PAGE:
You may use this area to expand on why you chose your particular major. For example, if you are a business major, why did you choose that area of study? What do you hope to accomplish? What can you bring to an organization? What makes you passionate about your particular field, industry, or job?
You may make connections between your extracurricular activities and how they benefit potential employers, particularly if those connections are not immediately clear. For example, if you worked for the college radio station, you may have experience managing numerous tasks on tight timelines.
Experiences may help you stand out — even if they do not directly relate to the role you are seeking. If a potential employer wants to hire a social media manager, your marketing major is obviously a key factor. But perhaps less obvious is your interest in film. Your filmmaking skills may be attractive because you could help create content for the organization’s social channels. Get creative with how you position your experience.
As with everything in your LinkedIn profile, carefully read your summary for spelling and grammar mistakes. Go over your profile with a professional in your school’s career services office, too. Advisors can help you see your profile through the eyes of a recruiter and can suggest improvements.
How to Include Experience on LinkedIn as a College Student
Beyond your summary and headline, you will also want to fill out the other sections of your LinkedIn profile. List internships and jobs relevant to your industry and desired career in the experience section, including a brief description of your roles and responsibilities, as well as your accomplishments within each role.
Add your education — even if you have not yet completed your degree. You can add your expected graduation date and degree, alerting potential employers to your timeline. This may line up with when they need to fill a particular role.
In addition to your degree, you can also include courses that demonstrate knowledge of your field. This is particularly helpful if you think a certain class and the work you did is relevant to your desired position. In the projects section, include any work you have completed that you want potential employers to see. For example, if you are studying UX design, you can include a link to your online portfolio. Include any professional organizations you belong to, volunteer experience, awards you have won, and languages you speak. If any areas are not relevant to you, do not worry — simply do not include them!
Additionally, remember to add a photo to your profile. This offers a first impression of your professionalism. (Check out the LinkedIn Talent Blog for tips on choosing the right profile photo.)
LinkedIn has other valuable resources for college students and recent graduates, including a checklist that will help make sure you have completed everything needed for an effective profile.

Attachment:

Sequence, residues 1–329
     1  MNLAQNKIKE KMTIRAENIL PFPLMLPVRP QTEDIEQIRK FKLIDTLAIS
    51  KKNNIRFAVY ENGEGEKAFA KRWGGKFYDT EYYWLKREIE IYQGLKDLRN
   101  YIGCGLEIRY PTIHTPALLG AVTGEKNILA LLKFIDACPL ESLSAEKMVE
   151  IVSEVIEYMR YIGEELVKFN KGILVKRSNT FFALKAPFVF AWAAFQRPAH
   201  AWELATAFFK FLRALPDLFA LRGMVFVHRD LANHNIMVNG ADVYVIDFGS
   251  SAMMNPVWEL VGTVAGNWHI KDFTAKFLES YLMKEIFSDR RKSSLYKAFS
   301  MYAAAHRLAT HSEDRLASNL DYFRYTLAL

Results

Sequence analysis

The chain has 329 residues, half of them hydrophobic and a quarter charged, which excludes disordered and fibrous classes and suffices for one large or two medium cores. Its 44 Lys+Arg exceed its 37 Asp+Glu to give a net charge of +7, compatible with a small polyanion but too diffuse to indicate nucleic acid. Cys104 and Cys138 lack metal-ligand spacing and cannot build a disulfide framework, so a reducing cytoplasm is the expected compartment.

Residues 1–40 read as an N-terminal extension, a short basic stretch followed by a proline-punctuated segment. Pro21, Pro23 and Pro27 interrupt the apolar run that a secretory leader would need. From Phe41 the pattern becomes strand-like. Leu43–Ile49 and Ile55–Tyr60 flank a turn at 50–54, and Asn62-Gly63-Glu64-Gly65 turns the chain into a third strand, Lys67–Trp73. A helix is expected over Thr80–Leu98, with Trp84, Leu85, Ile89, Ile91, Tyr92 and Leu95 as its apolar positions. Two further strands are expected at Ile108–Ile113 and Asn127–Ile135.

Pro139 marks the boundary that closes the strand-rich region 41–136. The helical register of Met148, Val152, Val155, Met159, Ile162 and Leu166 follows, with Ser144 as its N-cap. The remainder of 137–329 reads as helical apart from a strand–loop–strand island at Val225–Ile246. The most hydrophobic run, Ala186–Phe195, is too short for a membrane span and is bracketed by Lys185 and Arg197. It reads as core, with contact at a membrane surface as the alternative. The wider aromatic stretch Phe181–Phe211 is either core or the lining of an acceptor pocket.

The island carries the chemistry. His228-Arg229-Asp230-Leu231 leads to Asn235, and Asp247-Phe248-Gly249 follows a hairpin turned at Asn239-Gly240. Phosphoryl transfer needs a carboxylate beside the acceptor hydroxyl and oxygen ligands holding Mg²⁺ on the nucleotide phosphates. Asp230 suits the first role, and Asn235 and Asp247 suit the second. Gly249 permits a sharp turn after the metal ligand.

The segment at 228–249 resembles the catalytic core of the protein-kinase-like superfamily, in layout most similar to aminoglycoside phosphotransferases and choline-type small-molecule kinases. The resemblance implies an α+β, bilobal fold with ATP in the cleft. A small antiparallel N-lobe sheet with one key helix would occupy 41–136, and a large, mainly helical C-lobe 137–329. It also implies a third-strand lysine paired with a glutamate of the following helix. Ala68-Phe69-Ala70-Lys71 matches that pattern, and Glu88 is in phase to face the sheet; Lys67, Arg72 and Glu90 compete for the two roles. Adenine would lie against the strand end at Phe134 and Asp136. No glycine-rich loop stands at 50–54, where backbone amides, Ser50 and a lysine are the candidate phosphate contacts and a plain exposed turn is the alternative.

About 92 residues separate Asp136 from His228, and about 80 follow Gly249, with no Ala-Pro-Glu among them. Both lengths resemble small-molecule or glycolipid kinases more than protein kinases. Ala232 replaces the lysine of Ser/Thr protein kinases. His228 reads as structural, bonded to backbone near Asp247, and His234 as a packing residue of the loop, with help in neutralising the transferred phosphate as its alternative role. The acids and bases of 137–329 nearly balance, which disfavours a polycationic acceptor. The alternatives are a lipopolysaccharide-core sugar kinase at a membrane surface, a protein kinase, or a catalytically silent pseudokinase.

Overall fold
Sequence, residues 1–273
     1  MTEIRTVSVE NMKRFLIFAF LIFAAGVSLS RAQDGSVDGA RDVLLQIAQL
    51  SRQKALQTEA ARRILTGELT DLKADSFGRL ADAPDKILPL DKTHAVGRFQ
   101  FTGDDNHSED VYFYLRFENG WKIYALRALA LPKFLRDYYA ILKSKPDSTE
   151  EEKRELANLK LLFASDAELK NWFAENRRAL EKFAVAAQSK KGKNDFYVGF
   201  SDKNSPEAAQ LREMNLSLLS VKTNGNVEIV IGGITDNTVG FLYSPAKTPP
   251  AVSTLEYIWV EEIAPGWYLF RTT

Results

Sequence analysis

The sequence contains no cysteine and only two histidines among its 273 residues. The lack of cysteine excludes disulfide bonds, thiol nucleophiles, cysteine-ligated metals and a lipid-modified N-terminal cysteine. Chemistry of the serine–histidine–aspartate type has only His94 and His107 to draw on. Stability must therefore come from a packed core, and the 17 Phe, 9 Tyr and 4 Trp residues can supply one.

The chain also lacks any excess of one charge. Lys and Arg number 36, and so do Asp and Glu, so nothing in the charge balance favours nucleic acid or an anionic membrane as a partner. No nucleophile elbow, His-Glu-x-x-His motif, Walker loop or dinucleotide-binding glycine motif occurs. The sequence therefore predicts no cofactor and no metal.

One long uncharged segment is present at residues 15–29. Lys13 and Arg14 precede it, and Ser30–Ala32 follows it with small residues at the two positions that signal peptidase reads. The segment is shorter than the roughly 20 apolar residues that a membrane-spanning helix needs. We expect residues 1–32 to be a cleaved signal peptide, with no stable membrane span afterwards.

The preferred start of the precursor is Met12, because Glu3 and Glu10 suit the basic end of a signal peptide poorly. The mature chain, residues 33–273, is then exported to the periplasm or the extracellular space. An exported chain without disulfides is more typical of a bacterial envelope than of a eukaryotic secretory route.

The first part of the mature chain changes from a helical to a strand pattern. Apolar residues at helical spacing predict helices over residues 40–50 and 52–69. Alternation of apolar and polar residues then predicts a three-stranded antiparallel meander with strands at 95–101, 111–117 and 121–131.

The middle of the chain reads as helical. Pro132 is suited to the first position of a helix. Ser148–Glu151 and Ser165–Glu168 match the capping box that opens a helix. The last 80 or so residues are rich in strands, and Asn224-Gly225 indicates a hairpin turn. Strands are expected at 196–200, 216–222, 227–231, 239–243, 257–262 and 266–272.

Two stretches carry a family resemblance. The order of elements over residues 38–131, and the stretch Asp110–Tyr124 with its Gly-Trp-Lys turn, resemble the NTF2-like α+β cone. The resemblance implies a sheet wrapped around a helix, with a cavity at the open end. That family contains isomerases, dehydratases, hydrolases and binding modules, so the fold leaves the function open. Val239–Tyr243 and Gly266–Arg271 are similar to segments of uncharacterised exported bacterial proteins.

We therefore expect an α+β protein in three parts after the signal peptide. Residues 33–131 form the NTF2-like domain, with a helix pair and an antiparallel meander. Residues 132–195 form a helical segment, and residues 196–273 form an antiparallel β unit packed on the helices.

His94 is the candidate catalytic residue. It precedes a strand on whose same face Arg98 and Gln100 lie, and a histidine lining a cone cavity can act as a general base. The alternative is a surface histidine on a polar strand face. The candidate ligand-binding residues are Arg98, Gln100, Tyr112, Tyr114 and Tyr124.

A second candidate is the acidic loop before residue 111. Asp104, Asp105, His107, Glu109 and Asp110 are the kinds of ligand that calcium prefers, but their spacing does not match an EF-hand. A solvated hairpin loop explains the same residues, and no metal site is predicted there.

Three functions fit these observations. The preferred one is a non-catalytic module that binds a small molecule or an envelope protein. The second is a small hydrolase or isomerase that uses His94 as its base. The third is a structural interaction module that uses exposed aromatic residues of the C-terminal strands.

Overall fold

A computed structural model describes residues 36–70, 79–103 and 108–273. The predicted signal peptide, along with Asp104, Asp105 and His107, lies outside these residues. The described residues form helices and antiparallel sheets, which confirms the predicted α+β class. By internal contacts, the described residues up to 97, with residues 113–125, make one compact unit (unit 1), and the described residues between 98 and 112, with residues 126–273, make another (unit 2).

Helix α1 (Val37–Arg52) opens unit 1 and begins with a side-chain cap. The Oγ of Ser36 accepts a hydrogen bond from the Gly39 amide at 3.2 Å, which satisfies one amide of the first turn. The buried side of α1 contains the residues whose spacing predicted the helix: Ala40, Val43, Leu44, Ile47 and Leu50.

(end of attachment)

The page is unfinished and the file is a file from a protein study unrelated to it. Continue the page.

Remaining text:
How to Network on LinkedIn
As a college student on LinkedIn, you can connect with not only your peers, family, and family friends, but also your professors, academic advisors, and other mentors. These professionals may be willing to connect you with other professionals in their networks who align with your career goals.
You will also want to ask your professors and advisors for a recommendation on LinkedIn. Having someone who can speak to your experience and skills, particularly if they are in your field, will help you stand out. In addition to asking for recommendations, you can ask them to endorse the skills and experience you list toward the bottom of your LinkedIn profile.
You might also want to follow industry leaders on the platform. When they post content relevant to your industry or skillset, read the piece and then weigh in on the topic with a comment. This can help you stay up to date on what is happening in your industry and demonstrate your knowledge in the field. You could also write and post your own articles, using hashtags relevant to the topic to expand your piece’s reach. Engaging with content as well as posting your own demonstrates your passion for your industry. It will also enable you to demonstrate your current knowledge of your industry when you connect with recruiters or land an interview at a company.
If there is someone — an industry leader, recruiter, alumnus in your field — you want to connect with but have never met, see if anyone in your network is already connected with this individual. You can ask the person in your network to introduce you.
If no one in your network is connected with the individual, you can still send a connection request. You want to make sure you personalize the request and make clear why you want to connect. Simply asking for a job or internship is not a good enough reason to connect with someone. Instead, explain why you want to connect. For example, if you admire someone in a leadership role, you can say you hope to one day reach a similar role and ask for career advice on where to start. Follow up with a thank you for anyone who takes the time to offer advice or connect.